Bizarrely, this last sentence is recognised by the editors as of sufficient fundamental importance to place it prominently on the dust cover, but the contributions fail to take up what should have been the main leitmotiv. Apart from some traditional nods to epistasis (two or more genes - one function) and pleiotropy (one gene - two or more functions), plus four essays on phenotypic evolution, there seems to be no serious recognition of Lewontin's central concern.
Be that as it may, for Lewontin "concentration on molecular genetic variation has depauperised the problematics of population genetics by marginalising studies of the phenotype". Perhaps to ensure that we do not become too swayed by this, co-editor Costas Krimbas gets in his introductory pre-emptive strike: "the impossibility of solving new questions created by the new sequence data might turn the field of evolutionary theory to a consideration of evolution only at the phenotypic level. But this will significantly depauperate the evolutionary theory." So, the fight is on between the dedicators and the dedicatee from the outset.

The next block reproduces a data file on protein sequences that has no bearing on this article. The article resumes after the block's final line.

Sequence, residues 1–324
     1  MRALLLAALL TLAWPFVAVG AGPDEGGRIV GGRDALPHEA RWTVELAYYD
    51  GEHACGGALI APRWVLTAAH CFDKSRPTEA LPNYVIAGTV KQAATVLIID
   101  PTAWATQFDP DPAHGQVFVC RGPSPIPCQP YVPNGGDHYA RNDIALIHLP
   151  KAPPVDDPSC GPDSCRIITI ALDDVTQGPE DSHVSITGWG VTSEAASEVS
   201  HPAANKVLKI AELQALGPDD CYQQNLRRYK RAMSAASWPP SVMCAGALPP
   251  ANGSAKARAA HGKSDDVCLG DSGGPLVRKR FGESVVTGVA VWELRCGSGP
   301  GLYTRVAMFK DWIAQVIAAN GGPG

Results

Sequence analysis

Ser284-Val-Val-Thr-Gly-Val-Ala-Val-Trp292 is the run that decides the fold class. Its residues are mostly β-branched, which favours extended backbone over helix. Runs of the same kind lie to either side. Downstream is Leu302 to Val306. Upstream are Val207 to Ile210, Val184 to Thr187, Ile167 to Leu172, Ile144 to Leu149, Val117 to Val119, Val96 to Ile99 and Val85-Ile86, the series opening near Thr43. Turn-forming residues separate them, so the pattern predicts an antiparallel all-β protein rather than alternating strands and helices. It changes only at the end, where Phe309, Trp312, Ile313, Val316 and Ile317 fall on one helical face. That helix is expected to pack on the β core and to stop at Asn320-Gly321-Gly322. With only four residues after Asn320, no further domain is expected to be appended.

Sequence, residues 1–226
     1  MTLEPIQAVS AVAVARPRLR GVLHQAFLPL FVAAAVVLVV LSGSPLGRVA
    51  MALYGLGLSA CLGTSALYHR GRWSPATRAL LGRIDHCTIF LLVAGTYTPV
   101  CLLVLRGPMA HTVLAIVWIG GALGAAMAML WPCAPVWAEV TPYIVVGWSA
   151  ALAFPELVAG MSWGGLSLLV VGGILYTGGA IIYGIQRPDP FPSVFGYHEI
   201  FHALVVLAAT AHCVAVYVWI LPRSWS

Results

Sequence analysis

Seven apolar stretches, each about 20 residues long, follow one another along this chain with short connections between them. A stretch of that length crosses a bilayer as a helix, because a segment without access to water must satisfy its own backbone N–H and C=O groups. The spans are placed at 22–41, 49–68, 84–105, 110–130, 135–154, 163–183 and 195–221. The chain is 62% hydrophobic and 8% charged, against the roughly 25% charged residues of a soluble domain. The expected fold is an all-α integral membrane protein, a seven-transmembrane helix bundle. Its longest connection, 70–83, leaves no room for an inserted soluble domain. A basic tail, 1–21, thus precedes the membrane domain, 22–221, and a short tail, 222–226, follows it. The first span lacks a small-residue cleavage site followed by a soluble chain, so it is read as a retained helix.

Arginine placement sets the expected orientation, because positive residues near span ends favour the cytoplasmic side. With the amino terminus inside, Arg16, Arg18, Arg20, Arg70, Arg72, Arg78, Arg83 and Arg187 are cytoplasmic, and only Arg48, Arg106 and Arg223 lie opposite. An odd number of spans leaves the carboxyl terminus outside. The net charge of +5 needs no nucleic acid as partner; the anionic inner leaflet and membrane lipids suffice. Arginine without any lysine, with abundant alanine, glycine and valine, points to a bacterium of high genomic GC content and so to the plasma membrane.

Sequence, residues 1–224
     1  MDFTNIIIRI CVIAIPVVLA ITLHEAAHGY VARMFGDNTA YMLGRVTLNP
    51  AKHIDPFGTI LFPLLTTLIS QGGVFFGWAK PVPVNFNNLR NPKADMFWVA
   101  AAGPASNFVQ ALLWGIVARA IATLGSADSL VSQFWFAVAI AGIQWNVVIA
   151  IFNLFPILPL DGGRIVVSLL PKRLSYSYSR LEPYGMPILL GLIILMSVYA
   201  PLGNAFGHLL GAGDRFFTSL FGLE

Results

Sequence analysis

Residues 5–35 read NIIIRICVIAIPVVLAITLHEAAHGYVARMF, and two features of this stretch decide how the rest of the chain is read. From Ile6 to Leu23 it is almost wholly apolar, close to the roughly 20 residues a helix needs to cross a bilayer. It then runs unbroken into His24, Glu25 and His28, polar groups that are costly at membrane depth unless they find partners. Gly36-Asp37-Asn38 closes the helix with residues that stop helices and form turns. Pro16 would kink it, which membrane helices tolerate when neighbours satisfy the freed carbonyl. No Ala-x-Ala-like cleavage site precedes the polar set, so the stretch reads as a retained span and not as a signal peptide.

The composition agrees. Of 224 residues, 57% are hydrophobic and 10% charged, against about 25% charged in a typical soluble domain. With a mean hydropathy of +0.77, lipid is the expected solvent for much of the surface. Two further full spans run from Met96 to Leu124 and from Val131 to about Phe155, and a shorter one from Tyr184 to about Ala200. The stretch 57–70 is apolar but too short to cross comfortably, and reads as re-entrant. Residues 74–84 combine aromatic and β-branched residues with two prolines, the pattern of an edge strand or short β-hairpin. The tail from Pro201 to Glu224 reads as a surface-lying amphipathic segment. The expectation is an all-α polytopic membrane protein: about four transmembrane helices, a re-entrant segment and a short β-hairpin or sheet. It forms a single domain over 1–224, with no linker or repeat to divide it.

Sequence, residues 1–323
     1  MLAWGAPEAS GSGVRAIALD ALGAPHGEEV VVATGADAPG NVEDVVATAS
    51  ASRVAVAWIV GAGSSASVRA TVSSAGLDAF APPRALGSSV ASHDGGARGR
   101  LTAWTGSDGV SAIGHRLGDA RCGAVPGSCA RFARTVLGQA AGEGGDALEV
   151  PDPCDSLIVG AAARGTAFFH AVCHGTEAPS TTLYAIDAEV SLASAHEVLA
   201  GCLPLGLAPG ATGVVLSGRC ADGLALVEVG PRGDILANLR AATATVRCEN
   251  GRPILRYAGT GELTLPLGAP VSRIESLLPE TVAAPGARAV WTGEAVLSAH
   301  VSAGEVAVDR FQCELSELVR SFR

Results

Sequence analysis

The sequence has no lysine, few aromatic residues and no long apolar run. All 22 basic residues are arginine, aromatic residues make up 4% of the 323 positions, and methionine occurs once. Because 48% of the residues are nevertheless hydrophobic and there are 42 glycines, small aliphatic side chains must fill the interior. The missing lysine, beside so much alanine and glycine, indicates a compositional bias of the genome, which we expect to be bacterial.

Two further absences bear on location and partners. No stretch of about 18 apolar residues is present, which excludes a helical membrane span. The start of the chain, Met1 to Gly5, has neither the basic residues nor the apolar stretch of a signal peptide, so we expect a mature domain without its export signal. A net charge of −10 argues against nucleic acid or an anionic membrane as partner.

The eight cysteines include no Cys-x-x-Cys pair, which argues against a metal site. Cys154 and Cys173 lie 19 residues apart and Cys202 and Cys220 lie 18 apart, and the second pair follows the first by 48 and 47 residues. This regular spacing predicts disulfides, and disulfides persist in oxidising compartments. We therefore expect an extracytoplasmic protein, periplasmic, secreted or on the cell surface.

I am not sure why Krimbas is so pessimistic about the possibility of satisfactorily answering questions raised by DNA sequence variation. The book consists of some of the leading players in sequence analysis who consider themselves to be doing just that, albeit within the rather limited need to resolve the age-old existentialist angst between Darwinian pan-selectionists and neutralists. The former considers most variation to be the result of selection for past adaptive necessities. The latter considers most variation to be the result of stochastic fluctuations of neutral (non-adaptive) variants. Both camps happily ignore developing phenotypes and construct ever more sophisticated mathematical models, statistical tests and computer simulations to discriminate between the two. Indeed, there is a point, once neutrality is shown to be inoperative, at which all that moves can be explained by selection. Selection becomes such a powerful manipulative tool that, as Peter Medawar wrote, it is too good for its own good. Today we can pick and mix our way through balancing, directional, diversifying, background, density-dependent, frequency-dependent, lineage-dependent, fluctuating, sex-dependent, stabilising and many more modes of selection to arrive at the place we intend to arrive at. As Frank Kermode said about literary criticism: "We are all members of a secret society, of which the principal ritual is to speak well of Shakespeare." Substitute Darwin for Shakespeare and there we have it; not that Darwin would have been pleased by what goes by way of evidence in the maths and statistics. It is all very jolly, but all rather meaningless if we want to consider "context and interaction" in its fullest sense.